Residents of the Ozark Highlands of Arkansas, the “Natural State,” engaged in a battle with their rural electric cooperative over the spraying of herbicides on powerline right-of-ways. Herbicides have been sprayed against landowners’ wishes, in many cases even after they explicitly requested or posted their land not to be sprayed. The issue of herbicide applications and local resistance is not a new one, however; in 1975 the Newton County Wildlife Association (NCWA) formed to protest and legally challenge the aerial spraying of herbicides (2,4,D & 2,4,5,T) on the Ozark National Forests. NCWA succeeded in halting such aerial spraying and their legal precedent prevented the U.S. Forest Service (USFS) from using these methods in National Forests throughout the United States of America.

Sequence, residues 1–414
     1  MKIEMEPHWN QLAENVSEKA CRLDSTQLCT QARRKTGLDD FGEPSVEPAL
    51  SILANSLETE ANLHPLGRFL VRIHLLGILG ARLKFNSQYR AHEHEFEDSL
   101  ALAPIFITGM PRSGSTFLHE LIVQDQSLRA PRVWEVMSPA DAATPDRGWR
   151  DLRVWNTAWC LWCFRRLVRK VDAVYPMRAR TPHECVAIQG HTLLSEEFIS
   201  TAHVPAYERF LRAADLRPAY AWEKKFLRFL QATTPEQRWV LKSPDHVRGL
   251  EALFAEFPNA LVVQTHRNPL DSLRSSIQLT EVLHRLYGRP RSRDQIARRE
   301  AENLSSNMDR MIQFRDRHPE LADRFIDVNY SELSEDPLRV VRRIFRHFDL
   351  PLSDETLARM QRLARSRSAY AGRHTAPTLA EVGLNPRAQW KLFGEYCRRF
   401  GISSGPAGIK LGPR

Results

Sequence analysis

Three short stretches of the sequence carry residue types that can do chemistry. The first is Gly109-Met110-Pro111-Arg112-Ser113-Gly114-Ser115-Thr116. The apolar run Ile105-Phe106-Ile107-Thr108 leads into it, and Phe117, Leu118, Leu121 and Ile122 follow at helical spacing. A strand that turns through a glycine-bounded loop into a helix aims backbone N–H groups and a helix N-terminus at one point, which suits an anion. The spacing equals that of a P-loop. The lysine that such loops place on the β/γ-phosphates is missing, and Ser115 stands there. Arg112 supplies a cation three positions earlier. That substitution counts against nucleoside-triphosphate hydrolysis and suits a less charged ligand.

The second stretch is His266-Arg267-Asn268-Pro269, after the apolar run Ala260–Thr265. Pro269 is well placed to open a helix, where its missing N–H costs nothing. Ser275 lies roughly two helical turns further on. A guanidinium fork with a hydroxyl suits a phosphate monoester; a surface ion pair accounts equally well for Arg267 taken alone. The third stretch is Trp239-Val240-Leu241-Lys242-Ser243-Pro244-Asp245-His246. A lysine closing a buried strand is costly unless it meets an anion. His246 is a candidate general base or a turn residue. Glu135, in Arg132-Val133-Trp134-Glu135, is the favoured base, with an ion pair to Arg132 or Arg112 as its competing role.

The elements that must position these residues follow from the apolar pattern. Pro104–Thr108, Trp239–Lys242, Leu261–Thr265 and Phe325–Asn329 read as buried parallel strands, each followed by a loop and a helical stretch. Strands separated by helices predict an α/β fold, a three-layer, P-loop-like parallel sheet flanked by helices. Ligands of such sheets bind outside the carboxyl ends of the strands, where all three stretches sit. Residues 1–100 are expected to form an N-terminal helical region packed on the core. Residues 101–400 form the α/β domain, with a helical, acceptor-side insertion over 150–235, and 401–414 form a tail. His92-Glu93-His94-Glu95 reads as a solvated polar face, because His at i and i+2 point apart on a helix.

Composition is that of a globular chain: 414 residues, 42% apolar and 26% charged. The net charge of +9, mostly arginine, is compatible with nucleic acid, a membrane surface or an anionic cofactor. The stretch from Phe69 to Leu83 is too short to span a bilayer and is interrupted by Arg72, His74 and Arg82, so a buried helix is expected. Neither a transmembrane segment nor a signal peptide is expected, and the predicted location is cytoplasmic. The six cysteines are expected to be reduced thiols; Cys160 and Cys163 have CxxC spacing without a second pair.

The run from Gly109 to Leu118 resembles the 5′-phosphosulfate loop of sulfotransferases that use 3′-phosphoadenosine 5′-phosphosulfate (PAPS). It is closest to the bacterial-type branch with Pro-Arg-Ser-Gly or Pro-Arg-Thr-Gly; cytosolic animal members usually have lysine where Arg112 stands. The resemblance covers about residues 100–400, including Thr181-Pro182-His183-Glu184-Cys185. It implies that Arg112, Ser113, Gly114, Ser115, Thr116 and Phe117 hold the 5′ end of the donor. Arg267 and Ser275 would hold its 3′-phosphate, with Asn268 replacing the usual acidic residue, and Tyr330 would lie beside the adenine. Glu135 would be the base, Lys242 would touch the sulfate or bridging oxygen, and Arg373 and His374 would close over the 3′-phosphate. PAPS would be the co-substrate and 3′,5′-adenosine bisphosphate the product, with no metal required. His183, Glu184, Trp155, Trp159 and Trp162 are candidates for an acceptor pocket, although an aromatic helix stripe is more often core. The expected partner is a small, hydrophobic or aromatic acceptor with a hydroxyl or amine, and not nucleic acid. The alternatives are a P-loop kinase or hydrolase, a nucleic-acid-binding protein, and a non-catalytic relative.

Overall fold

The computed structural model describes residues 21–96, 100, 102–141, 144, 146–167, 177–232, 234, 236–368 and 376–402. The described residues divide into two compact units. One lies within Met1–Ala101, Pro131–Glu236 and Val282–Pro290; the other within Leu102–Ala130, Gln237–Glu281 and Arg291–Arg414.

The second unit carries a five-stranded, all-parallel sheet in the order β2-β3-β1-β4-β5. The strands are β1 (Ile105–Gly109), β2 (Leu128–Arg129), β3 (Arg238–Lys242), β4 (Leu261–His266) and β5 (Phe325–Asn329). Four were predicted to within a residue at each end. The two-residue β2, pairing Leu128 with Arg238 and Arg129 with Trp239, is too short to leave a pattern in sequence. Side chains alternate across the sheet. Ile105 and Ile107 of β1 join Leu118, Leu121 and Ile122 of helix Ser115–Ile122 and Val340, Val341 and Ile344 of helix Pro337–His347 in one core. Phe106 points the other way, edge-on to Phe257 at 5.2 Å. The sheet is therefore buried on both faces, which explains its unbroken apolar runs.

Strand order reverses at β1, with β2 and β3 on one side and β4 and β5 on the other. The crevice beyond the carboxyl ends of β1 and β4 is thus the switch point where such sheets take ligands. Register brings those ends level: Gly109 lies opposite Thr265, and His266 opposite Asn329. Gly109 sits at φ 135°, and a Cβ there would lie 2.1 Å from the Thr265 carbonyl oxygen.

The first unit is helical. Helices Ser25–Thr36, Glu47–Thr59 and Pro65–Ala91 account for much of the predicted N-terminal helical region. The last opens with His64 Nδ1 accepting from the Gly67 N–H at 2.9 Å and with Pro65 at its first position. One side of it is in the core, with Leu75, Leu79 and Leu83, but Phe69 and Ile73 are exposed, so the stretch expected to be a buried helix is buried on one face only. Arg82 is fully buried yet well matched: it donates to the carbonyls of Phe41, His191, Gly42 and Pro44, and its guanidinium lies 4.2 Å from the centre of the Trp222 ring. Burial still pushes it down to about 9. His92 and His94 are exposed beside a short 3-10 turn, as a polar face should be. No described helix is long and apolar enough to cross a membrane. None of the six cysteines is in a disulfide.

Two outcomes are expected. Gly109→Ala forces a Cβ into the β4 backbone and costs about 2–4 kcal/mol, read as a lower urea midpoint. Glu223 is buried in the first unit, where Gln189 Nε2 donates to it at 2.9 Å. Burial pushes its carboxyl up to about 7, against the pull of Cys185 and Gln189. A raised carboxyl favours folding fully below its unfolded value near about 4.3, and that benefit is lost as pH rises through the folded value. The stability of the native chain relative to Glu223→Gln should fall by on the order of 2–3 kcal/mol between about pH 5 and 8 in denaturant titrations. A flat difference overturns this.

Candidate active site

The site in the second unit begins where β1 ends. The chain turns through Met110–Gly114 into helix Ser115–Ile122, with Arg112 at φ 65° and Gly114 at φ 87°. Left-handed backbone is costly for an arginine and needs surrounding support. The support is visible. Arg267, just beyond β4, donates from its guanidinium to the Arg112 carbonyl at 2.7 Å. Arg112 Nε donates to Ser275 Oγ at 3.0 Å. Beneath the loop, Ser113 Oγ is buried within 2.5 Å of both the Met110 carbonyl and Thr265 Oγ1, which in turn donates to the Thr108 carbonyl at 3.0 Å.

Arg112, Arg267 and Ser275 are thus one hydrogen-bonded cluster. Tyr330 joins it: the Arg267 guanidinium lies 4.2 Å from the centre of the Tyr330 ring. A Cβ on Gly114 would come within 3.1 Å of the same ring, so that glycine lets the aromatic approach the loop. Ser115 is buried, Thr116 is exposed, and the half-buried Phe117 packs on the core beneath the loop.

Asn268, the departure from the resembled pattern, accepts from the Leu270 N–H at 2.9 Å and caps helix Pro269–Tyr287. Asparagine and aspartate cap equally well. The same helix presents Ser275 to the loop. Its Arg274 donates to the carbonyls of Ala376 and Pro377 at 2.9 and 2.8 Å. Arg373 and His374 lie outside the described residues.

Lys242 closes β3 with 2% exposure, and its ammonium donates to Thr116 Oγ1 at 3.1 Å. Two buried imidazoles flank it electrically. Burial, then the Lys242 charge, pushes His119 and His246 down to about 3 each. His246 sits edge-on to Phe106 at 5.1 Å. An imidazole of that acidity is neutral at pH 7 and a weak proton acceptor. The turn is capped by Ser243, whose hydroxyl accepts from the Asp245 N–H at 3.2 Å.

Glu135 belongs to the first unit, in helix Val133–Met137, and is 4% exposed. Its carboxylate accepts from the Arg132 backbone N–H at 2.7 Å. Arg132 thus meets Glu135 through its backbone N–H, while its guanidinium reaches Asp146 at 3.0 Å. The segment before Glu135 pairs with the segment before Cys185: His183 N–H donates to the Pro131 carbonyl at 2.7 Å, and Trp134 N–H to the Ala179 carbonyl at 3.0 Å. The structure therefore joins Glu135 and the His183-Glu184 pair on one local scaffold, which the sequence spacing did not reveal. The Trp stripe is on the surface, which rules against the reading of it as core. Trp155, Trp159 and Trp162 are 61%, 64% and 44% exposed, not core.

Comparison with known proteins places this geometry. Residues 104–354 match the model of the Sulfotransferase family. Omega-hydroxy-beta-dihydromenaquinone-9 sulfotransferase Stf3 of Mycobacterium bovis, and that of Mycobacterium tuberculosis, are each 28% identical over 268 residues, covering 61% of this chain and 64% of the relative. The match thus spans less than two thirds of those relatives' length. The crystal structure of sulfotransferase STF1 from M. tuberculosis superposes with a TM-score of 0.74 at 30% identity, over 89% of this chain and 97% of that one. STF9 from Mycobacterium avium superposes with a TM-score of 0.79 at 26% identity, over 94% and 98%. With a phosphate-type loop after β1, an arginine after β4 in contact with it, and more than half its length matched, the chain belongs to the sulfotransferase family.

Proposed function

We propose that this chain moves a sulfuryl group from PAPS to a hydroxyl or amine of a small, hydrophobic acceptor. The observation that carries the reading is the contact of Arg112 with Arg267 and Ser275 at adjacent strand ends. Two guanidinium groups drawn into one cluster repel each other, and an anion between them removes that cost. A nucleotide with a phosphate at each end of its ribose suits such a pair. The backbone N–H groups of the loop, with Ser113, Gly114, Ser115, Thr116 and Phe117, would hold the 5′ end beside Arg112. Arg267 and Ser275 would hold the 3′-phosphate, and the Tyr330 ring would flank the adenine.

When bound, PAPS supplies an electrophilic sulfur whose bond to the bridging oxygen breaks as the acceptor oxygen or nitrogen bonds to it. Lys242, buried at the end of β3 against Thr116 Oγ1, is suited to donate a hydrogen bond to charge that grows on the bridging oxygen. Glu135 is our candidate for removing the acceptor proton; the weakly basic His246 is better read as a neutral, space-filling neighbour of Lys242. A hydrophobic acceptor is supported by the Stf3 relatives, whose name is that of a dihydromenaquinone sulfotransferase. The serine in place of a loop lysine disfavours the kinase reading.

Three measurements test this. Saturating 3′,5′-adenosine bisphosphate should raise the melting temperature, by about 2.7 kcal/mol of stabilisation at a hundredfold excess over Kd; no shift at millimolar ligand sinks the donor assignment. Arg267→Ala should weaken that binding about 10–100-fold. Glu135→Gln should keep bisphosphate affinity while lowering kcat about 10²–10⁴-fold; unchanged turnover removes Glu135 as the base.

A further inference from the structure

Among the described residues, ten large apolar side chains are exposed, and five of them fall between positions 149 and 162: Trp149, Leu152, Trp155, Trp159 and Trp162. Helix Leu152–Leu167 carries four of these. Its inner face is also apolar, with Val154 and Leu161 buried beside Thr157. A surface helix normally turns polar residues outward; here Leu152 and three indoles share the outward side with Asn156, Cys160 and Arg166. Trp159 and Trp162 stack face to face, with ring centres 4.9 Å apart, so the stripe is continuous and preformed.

In the 1980s, the U.S.F.S. reintegrated herbicides into their management plans. Yet, when they conducted surveys asking residents about those plans for their National Forests, a vast majority responded that they did not want their forests sprayed with chemicals. Despite local opposition, various governmental and corporate entities continue to spray herbicides on private and public lands. This documentary employs applied anthropology, archival research, and diverse media to present the issue through the experiences and struggles of Ozarkers to protect their lands, waters, and families from biocides.
Mountain Sprout graciously donated their music as the soundtrack for the film. The film is co-produced by Ozarkadia Films and The Newton County Wildlife Association. 2007 Productions edited and directed the film.
This film screened at the Hot Springs Documentary Film Festival, Little Rock Film Festival, Cinema on the Bayou Film Festival, Offspring Film Festival, and won the 2011 Society for Applied Anthropology Video Award. Dan Anderson, then Director of the Hot Springs Film Festival, described it as "one of my all-time top Arkansas films."